Fracking, the Climate Debate and Misinformation


Natural gas isn’t holding us back from a carbon-free future. In fact, it may help us get there.

In 2007, as alarm about climate change escalated and environmentalists struggled to stop construction of a wave of new coal-fired power plants, the Sierra Club forged an unusual alliance. Over the next three years, the venerable environmental group received $26 million from executives at Chesapeake Energy to fund its “Beyond Coal” campaign. At the time, Chesapeake was a leading force in the still-obscure shale gas industry, which was just beginning what would be a meteoric rise. In hindsight, the odd couple—Oklahoma oilmen and California greens—seemed destined for divorce. But the underlying logic of their arrangement appeared sound. Because natural gas is less carbon-intensive than coal, if the United States could generate more electricity with it instead of coal, U.S. carbon dioxide emissions would fall and natural gas companies would profit, delivering wins for everyone involved.

The Sierra Club was far from alone among environmental advocates in its enthusiasm for the boom in shale gas produced by fracking. Robert F. Kennedy Jr., writing in the Financial Times in 2009, declared that switching from coal to gas “is President Barack Obama’s most obvious first step towards saving our planet.” Joe Romm, a prominent climate advocate at the Center for American Progress, returned from a gathering of geologists that year to declare that natural gas “may be the single biggest game changer for climate action in the next two decades.” Such views were common.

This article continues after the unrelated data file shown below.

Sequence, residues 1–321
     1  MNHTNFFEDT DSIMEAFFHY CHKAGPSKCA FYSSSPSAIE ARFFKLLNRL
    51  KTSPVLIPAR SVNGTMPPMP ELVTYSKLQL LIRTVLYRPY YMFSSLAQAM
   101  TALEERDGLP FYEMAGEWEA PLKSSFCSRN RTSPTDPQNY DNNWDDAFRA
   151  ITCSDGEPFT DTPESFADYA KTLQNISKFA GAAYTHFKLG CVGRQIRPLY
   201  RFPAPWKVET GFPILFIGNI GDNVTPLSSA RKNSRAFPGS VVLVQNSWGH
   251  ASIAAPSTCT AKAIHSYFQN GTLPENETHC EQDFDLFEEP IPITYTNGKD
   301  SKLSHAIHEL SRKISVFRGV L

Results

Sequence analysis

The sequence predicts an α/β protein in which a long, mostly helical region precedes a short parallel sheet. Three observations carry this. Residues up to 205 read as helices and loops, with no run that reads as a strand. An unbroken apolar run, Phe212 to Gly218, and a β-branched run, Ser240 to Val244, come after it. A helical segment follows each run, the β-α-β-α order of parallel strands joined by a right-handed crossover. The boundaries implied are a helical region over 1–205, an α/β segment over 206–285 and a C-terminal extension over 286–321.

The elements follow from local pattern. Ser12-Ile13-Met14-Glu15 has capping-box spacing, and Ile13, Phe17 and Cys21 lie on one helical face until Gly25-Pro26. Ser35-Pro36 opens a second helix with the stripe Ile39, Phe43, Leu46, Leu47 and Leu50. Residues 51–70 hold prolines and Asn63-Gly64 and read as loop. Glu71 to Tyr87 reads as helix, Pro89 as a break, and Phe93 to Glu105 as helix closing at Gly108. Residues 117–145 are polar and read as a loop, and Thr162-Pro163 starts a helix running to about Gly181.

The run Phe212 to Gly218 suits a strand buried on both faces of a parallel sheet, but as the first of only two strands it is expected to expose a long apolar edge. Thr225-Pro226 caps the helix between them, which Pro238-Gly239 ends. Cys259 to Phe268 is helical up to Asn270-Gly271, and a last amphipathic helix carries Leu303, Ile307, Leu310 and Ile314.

And then it all fell apart. Kennedy now calls shale gas a “catastrophe.” Romm, tweaking claims that gas can be a “bridge” to a carbon-free future, now dubs it “a bridge to nowhere.” The Sierra Club, which broke ties with Chesapeake in 2010, now touts its “Beyond Natural Gas” campaign with the slogan “Dirty, Dangerous, and Run Amok.” The Environmental Defense Fund, a lonely voice in the environmental community in favor of gas as a part of a solution to climate change, has been attacked for “greenwashing.” At colleges across the country, campaigns are demanding divestment not only from coal and oil but also natural gas. (Michael Levi, Democracy Journal)

Also see our look at Lying Fractivists.